Those characteristics/factors indicate the culpability level that may attach to the offender’s conduct, ranging from very high culpability at Category A, to lower culpability at Category D. The court should balance these to reach a fair assessment of the offender’s overall culpability in the context of the circumstances of the offence.

Characteristics/factors which are likely to be relevant in a health and safety context, and which indicate high culpability (Category B) include that the offence was particularly serious because the offender showed a blatant disregard for a very high risk of death resulting from the negligent conduct and the negligent conduct was motivated by financial gain (or avoidance of cost).

The assessment of culpability no longer includes consideration of the extent to which the offender was aware of the risk of death as this proposal was met with considerable criticism by respondents to the consultation. Gone too is the proposed high culpability factor “the negligent conduct persisted over a long period of time (weeks or months)” – this was criticised by those representing doctors and by health and safety lawyers as potentially occurring in a wide range of cases and not necessarily being indicative of high culpability.

In relation to harm, the harm caused will inevitably be of the utmost seriousness in all manslaughter cases and the loss of life is already taken into account in the sentencing levels at step two. Given the sentence ranges at step two cover a very wide range of sentence outcomes and there are only four starting points, adjustment from the starting point may be necessary before any adjustment for aggravating/mitigating factors (and so on) where a case does not fit squarely into a category.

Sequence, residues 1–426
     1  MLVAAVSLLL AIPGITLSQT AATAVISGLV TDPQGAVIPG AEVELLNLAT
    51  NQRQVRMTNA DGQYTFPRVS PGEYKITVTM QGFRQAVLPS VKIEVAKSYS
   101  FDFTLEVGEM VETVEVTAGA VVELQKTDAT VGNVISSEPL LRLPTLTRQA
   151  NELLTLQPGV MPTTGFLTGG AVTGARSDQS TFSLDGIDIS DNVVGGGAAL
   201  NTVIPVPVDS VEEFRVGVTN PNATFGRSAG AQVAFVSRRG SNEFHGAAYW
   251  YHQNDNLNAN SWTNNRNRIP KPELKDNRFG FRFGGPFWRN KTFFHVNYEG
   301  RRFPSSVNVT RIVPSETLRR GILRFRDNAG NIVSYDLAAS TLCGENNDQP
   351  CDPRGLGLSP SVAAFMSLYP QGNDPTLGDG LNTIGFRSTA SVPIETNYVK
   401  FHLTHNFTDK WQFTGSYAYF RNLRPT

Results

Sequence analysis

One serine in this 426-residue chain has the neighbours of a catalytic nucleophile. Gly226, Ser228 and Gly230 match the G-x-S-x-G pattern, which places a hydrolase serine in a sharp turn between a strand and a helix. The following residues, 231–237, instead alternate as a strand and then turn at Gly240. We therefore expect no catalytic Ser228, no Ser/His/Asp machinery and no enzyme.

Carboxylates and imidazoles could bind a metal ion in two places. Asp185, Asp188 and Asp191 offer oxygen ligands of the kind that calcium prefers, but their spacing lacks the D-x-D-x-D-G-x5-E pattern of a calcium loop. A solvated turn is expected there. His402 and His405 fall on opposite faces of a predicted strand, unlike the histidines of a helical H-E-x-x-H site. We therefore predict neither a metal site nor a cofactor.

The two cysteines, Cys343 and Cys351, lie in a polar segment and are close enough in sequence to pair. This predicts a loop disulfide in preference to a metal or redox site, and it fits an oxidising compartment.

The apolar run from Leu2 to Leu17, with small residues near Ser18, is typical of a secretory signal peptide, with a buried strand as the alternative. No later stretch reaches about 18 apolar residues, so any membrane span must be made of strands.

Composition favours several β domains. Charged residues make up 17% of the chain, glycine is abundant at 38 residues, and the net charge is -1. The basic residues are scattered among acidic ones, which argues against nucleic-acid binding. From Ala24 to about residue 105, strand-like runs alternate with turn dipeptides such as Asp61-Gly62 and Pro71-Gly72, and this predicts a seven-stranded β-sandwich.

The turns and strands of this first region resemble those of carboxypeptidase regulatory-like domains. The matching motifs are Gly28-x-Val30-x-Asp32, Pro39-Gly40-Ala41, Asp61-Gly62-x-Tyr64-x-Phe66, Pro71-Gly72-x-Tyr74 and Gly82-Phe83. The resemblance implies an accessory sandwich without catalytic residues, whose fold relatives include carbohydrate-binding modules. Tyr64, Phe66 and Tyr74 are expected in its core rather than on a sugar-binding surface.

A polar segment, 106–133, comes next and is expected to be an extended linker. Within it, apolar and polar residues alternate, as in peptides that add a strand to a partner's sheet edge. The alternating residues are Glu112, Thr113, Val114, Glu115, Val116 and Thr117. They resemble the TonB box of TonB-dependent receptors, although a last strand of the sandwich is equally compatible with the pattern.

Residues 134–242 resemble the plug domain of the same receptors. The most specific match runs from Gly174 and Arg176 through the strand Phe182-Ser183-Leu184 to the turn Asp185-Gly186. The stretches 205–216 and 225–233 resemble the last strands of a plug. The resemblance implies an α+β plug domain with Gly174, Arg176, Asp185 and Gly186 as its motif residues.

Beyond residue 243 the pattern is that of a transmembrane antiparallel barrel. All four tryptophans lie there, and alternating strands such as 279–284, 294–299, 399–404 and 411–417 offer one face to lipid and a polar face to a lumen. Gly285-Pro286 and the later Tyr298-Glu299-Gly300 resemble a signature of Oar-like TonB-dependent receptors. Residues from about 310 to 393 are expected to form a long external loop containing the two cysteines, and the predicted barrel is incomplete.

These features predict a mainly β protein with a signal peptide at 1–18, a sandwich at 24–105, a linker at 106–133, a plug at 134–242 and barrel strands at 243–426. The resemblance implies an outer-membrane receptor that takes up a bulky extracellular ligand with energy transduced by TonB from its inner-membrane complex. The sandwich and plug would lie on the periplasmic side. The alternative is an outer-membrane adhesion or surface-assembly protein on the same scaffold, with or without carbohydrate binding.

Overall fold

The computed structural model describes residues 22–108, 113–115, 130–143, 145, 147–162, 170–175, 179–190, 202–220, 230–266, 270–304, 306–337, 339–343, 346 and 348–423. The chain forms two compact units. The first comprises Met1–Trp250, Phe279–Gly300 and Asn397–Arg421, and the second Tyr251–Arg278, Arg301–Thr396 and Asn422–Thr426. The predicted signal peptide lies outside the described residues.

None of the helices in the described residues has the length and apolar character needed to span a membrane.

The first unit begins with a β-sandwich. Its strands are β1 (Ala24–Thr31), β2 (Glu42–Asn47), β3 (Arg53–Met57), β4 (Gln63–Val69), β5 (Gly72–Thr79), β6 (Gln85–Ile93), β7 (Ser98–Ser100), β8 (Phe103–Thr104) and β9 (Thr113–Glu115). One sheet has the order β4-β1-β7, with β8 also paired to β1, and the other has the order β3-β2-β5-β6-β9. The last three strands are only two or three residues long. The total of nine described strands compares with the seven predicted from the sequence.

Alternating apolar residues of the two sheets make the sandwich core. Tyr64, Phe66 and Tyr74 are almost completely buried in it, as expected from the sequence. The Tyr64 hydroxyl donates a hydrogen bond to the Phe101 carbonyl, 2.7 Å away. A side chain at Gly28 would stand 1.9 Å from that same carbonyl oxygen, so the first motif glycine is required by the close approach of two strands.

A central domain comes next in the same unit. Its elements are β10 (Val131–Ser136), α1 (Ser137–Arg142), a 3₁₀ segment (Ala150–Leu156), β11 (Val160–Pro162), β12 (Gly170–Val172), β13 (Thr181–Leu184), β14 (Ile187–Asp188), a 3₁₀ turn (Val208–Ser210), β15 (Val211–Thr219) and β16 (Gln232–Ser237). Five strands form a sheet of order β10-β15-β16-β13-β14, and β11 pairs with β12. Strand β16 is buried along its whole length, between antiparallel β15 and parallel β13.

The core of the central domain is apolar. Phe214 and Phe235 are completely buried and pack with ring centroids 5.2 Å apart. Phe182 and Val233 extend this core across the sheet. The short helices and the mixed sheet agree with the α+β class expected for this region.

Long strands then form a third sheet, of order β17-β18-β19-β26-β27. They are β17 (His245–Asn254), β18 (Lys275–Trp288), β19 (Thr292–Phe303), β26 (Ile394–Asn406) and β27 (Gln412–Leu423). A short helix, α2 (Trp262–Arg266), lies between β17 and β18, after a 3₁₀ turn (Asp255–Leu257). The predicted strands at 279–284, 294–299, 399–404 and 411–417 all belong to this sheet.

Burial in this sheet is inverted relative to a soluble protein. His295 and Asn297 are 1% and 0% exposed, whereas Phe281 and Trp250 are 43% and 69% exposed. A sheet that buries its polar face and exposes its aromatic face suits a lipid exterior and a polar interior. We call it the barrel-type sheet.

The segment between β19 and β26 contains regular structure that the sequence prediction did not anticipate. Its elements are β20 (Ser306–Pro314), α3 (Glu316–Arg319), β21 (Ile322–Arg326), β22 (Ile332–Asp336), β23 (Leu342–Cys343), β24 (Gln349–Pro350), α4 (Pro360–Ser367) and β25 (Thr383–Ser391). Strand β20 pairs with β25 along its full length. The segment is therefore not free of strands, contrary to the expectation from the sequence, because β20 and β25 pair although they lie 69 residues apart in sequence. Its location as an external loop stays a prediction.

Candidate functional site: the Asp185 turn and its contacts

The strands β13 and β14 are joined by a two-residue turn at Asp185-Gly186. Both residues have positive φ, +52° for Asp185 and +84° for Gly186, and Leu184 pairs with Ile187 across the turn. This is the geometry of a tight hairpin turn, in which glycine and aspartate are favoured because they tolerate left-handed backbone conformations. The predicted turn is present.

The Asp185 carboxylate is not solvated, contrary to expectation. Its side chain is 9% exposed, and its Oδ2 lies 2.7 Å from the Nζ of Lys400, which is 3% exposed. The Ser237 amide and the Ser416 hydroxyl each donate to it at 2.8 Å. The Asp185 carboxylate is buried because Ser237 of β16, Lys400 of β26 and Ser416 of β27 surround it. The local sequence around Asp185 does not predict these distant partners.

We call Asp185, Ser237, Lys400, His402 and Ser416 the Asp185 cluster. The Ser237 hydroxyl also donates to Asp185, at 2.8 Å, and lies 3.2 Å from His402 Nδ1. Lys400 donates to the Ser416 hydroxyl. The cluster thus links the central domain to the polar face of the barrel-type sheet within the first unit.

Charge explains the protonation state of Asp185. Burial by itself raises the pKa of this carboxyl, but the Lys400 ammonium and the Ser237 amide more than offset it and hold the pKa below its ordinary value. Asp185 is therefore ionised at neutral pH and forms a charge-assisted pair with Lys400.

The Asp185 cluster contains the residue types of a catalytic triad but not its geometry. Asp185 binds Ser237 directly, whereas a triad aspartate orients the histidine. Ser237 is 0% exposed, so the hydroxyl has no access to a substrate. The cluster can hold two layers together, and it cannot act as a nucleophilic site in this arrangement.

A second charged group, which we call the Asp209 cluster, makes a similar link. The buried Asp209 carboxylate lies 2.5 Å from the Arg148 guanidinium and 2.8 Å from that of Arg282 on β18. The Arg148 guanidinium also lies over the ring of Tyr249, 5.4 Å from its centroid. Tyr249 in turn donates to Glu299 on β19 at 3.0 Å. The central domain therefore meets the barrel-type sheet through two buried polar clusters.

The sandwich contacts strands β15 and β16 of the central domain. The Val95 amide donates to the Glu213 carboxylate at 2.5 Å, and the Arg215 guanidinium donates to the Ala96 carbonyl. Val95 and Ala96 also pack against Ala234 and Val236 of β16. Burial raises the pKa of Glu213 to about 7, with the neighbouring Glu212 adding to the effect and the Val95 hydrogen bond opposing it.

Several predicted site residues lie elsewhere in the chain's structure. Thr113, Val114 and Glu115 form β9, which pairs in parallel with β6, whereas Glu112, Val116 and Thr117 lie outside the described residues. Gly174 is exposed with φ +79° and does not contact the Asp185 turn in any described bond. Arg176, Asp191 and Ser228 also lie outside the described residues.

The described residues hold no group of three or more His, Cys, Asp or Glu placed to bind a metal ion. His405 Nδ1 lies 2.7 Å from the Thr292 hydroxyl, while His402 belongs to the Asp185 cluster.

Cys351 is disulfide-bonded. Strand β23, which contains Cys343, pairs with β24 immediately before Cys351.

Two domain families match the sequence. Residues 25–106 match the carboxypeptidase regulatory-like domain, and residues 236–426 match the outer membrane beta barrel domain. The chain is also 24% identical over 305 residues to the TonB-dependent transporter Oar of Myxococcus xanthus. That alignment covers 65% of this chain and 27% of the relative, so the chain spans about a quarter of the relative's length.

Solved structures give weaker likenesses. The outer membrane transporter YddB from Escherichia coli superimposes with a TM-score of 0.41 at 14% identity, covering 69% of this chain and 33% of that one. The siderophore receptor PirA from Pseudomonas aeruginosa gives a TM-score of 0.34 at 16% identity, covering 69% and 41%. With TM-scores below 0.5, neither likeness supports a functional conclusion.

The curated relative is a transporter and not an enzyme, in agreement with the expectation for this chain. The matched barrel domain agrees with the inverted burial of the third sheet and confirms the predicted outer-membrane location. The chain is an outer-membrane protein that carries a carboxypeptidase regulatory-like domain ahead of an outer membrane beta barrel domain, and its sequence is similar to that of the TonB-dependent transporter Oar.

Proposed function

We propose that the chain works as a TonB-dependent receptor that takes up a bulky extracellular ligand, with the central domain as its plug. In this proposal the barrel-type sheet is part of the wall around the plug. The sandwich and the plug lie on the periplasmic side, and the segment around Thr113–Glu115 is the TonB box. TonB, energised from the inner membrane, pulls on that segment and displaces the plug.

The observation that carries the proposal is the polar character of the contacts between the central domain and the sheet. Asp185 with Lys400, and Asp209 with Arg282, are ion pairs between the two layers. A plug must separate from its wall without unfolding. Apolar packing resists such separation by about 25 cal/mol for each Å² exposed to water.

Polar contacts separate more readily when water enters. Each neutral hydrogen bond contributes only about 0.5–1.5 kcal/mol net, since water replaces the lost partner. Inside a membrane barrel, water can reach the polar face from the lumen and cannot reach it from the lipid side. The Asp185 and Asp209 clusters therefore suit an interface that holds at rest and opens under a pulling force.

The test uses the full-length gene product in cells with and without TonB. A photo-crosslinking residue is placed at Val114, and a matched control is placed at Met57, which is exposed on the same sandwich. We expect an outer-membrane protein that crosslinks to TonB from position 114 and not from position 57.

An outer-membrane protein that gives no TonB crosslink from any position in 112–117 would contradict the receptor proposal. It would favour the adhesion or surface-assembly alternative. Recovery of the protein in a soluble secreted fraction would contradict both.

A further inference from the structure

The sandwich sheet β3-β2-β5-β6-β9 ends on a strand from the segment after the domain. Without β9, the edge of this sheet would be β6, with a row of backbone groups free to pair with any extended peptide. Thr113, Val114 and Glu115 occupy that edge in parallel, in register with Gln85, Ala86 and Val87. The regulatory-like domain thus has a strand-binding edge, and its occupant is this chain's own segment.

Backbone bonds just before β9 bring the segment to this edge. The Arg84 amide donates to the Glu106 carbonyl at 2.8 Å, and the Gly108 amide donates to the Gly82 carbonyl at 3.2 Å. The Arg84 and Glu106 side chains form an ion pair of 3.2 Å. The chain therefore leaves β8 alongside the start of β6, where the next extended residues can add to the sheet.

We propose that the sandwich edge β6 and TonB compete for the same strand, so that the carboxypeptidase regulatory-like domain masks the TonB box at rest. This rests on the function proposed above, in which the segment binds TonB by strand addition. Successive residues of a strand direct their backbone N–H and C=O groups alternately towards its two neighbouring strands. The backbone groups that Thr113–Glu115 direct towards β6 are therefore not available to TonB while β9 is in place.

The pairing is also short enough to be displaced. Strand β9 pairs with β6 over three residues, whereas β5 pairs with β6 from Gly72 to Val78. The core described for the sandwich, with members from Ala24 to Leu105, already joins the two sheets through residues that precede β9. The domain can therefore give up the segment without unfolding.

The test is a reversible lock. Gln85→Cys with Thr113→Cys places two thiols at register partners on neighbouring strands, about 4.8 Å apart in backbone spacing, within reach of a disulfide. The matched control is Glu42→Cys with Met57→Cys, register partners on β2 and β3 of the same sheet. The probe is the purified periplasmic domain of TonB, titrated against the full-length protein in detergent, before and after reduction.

One aggravating factor which might apply in a health and safety context was added at the suggestion of several respondents to the consultation and arises in circumstances where an offender ignored previous warnings. Potential mitigating factors include self-reporting and/or co-operation with the investigation and that, for reasons beyond the offender’s control, the offender lacked the necessary expertise, equipment, support or training which contributed to the negligent conduct. This was one of a number of factors added to reflect external pressures on individual offenders which may have contributed to the breach of a duty of care.